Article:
Certainly these individuals were not gathered to watch how an assistant coach conducted the drill, that’s not the point. They were gathered to watch the talented crop of individuals that comprise the North squad’s DBs group. But while Tomlin, Dimitroff, Carroll and Mayock watched those players, they were also subjected to the passionate style with which Woods coaches, not just here in Mobile but also back with the Vikings on a daily basis during the season and during the offseason program.

I’m not the only one noticing the excellent job Frazier and his staff are doing with this year’s North team.

“The Minnesota coaches are real,” Nebraska cornerback Alfonzo Denard told the Star Tribune’s Dan Wiederer earlier in the week. “Coach Frazier put a lot of fire in our eyes. I like the way he talks. He let us know this was a big step and that we need to go hard every play all day long to stand out.”

The North squad players are not the only individuals standing out. Frazier and his staff are standing out as a passionate and talented group of coaches. Coming off a 3-13 season, the Vikings have a lot of holes to fill on the roster and a lot of improvement to make overall during the offseason.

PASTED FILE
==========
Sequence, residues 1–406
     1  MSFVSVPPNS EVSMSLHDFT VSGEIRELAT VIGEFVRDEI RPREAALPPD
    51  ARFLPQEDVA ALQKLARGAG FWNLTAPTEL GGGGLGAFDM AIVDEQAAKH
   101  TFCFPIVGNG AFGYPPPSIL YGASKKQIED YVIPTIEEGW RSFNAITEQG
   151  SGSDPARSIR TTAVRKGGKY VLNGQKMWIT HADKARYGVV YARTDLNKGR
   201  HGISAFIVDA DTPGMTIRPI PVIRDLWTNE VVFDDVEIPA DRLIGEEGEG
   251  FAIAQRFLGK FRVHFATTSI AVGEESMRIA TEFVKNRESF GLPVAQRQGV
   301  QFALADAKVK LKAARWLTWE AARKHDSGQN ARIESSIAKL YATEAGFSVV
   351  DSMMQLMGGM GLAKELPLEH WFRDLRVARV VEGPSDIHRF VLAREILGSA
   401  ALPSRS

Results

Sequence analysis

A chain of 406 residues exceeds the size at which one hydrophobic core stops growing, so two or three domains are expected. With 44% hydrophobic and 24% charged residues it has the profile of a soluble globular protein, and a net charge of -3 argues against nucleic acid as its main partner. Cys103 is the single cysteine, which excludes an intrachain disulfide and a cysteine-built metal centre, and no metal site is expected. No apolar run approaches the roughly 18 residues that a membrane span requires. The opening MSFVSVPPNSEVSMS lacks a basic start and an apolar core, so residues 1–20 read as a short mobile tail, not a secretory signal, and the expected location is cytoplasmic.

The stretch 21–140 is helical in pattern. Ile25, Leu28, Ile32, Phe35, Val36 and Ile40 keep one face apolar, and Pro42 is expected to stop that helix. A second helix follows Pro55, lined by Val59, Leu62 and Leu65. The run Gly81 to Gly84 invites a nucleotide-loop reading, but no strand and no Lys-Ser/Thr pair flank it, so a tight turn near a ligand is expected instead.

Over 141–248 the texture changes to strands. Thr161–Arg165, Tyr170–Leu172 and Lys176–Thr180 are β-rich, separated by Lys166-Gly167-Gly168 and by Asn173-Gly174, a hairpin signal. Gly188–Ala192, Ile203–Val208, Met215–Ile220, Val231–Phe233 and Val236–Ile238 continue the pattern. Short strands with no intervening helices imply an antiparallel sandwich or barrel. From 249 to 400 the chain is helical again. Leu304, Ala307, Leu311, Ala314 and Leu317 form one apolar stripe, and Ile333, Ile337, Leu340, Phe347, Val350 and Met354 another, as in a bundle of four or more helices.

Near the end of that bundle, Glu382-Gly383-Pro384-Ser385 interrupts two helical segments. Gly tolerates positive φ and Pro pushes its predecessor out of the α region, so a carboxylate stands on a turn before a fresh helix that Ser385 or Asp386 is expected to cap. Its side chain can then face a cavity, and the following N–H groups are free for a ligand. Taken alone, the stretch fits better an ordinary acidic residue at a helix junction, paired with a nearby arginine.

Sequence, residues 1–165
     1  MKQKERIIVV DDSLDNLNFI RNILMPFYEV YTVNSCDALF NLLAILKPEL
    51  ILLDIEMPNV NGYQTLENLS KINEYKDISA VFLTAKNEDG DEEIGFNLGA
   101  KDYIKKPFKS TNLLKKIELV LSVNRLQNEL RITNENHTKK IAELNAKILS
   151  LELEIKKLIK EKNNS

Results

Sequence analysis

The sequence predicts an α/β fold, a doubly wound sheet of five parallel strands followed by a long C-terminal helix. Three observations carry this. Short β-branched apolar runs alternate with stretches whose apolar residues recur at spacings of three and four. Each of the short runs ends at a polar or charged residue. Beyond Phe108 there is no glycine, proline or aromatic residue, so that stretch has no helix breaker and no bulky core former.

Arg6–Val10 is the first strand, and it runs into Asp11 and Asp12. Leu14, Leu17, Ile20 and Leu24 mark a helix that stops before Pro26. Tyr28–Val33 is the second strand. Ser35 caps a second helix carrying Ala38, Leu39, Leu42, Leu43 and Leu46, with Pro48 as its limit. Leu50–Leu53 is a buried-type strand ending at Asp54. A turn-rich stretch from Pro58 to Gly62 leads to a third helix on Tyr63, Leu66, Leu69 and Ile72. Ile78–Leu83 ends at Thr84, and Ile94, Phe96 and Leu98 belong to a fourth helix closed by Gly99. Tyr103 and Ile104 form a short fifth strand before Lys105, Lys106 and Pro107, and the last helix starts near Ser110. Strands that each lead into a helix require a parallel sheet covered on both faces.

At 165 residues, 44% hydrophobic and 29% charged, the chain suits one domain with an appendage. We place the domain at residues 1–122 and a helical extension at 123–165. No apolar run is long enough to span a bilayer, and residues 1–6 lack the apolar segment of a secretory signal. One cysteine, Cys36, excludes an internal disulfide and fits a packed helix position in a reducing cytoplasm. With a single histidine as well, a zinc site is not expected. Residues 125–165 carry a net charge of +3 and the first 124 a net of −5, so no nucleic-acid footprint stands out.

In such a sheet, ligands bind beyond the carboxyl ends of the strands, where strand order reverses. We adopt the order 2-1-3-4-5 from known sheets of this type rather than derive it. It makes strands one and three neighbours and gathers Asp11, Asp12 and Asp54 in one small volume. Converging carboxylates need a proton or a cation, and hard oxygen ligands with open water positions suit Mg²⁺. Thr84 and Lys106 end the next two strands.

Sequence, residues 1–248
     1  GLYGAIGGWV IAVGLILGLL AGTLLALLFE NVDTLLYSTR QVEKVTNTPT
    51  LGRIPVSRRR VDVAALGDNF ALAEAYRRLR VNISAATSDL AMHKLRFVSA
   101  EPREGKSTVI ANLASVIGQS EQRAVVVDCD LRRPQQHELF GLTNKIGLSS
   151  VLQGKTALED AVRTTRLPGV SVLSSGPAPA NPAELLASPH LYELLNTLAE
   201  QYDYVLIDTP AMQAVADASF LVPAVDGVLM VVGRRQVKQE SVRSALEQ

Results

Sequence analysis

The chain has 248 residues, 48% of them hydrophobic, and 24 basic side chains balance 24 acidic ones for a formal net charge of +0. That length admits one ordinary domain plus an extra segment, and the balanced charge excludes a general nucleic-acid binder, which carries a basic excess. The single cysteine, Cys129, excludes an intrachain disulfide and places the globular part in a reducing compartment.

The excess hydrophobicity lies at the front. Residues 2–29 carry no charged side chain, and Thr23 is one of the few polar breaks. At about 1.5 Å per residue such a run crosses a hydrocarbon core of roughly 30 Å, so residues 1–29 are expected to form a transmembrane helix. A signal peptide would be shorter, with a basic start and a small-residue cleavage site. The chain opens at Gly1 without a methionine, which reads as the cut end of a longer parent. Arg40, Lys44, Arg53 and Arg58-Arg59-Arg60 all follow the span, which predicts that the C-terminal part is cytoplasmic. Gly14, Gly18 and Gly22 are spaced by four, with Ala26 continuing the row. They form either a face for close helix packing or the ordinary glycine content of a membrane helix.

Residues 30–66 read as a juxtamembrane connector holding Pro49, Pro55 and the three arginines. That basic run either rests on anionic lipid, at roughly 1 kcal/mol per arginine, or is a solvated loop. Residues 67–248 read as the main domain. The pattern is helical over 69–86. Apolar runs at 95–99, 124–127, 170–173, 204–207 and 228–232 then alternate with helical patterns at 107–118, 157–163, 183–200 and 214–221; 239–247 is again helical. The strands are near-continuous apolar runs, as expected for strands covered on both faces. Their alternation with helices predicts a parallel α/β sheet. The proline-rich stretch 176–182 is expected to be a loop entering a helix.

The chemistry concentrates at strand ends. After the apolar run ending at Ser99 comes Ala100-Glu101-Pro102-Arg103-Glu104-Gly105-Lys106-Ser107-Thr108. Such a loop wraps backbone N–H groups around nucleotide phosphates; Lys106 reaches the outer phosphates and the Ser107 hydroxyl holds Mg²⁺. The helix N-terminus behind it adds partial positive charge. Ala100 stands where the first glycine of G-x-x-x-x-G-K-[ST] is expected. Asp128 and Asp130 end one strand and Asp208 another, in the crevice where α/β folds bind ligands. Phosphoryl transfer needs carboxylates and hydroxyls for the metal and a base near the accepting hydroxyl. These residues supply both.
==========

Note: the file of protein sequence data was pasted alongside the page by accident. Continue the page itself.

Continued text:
If their performance during Senior Bowl practices this week is any indication, the Vikings coaching staff is already hard at work.

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DBs Coach Joe Woods Talks About CB Brandon Burton

Posted by Mike Wobschall on April 30, 2011 – 1:16 pm

The Vikings addressed the front of their defense in the 4th round by selecting DL Christian Ballard, surely putting extra pep in the step of DL coach Karl Dunbar. In the 5th round, Vikings DBs coach Joe Woods found the same extra pep in his step because the Vikings decided to select CB Brandon Burton in the 5th round (#139 overall).

Burton stands at 6-0, 190 pounds and is described as a good fit in the Vikings Cover 2 scheme because of his ability to re-route WRs at the line of scrimmage. But in speaking with Woods this afternoon, the Vikings decision to select Burton was more about him just being an overall good football player as opposed to being a great fit in the defensive scheme.

“It’s not really about scheme when you’re looking at players right now,” Woods explained from his perspective. “He’s just a good overall player. Solid in coverage, willing in run support, and he really just understands what he’s doing on the field. That’s really what stands out the most.”

It was actually refreshing to hear Woods explain that a player the team selected wasn’t necessarily chosen because he’s a great fit for the scheme or because of some other rubber-stamped, generic reason that no one can refute. Woods put is simply, saying Burton was just a flat-out good athlete who loves football, will be a smart player and understands how to play defense.